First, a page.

St. Petersburg: Homeport Plans and 72-Hour Visa-Free Arrivals

Viking Ocean Cruises kicked off the cruise ship season in St. Petersburg with a call by the Viking Sky on May 2, the maiden call for the recently-built ship.

However, it was just the beginning for the Russian port, which expects 243 ship calls and more than 540,000 passengers this year – which is a record and an increase of 19 percent over 2016.

It will continue increasing in 2018, according to Valeria Gubanova, a spokesperson for the port.

The port authority has over 20 long-term contracts with cruise and ferry companies, according to Gubanova. Ships venturing to the Baltic prior to April 30 and after October 25 can take advantage of lower port fees.

The majority of calls into St. Petersburg are overnight to help drive shore excursion programming.

The port is hoping to build up winter business with attractions including the Festival of Light and the Festival of Ice Breakers.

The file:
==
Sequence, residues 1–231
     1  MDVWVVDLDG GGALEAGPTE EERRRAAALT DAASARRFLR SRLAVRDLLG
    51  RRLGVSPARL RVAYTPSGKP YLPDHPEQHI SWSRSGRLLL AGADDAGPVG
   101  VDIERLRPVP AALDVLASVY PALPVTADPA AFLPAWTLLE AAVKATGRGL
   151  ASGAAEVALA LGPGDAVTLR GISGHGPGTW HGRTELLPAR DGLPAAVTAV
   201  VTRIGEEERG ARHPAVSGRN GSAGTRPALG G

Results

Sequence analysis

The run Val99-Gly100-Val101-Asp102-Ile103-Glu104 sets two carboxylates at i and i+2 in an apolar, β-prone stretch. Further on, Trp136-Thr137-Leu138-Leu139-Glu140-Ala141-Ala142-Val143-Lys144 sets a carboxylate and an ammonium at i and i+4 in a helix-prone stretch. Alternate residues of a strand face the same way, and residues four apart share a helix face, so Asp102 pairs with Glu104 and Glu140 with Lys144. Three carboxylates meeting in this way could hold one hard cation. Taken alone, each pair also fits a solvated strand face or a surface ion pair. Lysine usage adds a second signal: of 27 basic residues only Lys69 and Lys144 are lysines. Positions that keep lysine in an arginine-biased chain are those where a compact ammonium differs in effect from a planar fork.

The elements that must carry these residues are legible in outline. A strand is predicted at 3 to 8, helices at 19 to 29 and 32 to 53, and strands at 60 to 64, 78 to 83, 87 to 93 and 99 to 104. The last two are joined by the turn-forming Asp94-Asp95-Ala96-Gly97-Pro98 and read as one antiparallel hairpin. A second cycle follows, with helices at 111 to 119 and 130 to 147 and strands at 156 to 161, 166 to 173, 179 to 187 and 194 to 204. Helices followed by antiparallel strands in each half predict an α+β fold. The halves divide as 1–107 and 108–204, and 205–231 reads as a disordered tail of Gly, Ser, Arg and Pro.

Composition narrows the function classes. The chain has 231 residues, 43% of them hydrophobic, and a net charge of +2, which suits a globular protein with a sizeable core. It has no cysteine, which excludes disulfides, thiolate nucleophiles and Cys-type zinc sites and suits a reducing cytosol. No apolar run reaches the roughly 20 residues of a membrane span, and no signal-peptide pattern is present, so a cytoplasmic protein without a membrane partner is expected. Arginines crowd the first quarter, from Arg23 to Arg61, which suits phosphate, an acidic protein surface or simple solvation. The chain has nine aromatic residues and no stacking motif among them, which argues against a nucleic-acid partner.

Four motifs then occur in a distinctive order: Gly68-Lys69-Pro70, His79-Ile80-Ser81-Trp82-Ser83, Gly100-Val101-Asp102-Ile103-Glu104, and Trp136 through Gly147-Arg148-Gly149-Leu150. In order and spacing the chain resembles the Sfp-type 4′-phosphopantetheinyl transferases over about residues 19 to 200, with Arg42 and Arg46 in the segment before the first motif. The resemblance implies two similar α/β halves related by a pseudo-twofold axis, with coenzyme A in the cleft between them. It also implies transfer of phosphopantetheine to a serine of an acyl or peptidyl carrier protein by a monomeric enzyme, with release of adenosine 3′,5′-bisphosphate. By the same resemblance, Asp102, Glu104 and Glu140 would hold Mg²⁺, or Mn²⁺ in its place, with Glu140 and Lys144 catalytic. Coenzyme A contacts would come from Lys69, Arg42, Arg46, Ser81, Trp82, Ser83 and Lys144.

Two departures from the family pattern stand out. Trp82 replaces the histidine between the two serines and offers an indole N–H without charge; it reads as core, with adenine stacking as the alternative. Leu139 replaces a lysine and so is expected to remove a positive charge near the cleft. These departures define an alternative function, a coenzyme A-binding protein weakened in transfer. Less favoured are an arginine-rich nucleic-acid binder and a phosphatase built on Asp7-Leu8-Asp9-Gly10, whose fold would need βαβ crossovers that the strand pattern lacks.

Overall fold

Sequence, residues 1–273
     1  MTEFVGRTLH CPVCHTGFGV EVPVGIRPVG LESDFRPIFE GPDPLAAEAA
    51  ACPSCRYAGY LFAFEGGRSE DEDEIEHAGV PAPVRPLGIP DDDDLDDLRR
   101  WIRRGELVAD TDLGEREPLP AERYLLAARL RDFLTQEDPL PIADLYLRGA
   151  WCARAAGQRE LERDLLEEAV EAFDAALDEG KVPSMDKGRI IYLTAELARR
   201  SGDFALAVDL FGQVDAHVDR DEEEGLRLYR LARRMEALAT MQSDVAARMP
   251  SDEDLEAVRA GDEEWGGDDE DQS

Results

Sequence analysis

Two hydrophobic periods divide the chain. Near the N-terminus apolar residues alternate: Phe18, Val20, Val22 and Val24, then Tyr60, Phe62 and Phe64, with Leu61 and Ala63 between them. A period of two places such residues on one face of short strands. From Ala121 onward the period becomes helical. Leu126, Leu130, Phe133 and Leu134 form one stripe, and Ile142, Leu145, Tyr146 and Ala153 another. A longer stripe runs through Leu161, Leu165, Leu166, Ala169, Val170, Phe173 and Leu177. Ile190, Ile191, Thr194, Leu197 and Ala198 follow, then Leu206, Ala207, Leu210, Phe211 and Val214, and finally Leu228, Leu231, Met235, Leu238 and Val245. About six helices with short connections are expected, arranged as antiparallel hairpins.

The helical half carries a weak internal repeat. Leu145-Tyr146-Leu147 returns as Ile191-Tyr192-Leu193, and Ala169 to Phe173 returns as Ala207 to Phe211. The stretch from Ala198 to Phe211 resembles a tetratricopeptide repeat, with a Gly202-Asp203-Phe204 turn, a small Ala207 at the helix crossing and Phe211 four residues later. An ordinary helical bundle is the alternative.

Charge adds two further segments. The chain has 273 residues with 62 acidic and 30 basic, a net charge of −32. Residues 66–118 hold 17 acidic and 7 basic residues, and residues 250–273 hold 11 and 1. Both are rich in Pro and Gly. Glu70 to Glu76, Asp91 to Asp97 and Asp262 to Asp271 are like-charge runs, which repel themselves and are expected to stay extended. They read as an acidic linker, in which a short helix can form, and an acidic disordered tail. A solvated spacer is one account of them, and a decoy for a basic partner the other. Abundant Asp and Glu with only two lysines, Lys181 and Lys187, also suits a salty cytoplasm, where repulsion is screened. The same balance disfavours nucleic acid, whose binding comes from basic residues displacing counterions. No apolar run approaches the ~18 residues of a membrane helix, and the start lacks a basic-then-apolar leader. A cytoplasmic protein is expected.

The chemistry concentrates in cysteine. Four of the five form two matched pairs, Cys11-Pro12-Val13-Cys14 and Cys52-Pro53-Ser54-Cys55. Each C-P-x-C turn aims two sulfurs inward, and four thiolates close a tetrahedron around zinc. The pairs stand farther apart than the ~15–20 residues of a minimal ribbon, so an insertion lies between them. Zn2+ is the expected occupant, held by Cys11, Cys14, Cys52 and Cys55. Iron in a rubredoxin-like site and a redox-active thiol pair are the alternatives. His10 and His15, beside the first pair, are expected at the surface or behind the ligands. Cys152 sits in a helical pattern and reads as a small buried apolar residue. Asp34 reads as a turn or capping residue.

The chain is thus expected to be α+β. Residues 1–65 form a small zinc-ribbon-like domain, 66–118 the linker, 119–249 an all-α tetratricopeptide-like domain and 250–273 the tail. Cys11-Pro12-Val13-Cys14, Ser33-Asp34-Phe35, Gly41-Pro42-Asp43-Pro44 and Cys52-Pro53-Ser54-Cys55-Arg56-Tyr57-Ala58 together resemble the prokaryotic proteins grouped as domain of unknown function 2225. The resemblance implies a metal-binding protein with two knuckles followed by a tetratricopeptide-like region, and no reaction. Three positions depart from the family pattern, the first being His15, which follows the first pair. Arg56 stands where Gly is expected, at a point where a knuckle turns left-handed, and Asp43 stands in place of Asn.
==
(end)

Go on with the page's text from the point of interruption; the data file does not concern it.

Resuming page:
St. Petersburg

One item missing from the monster cruise port is a turnaround business, and port officials are keen on breaking into the homeport market. That, however, will need to begin with the government removing existing barriers to entry by foreign citizens.

A framework has already been put into place between the port and airport with the aim to introduce electric visas and a 72-hour visa-free arrival program.

Infrastructure wise, new mooring dolphins are going in at the No. 7 berth which will increase the length of ships it can handle and also provide an additional ship “parking space” if needed. Construction will start in October and be finished by May of 2018.

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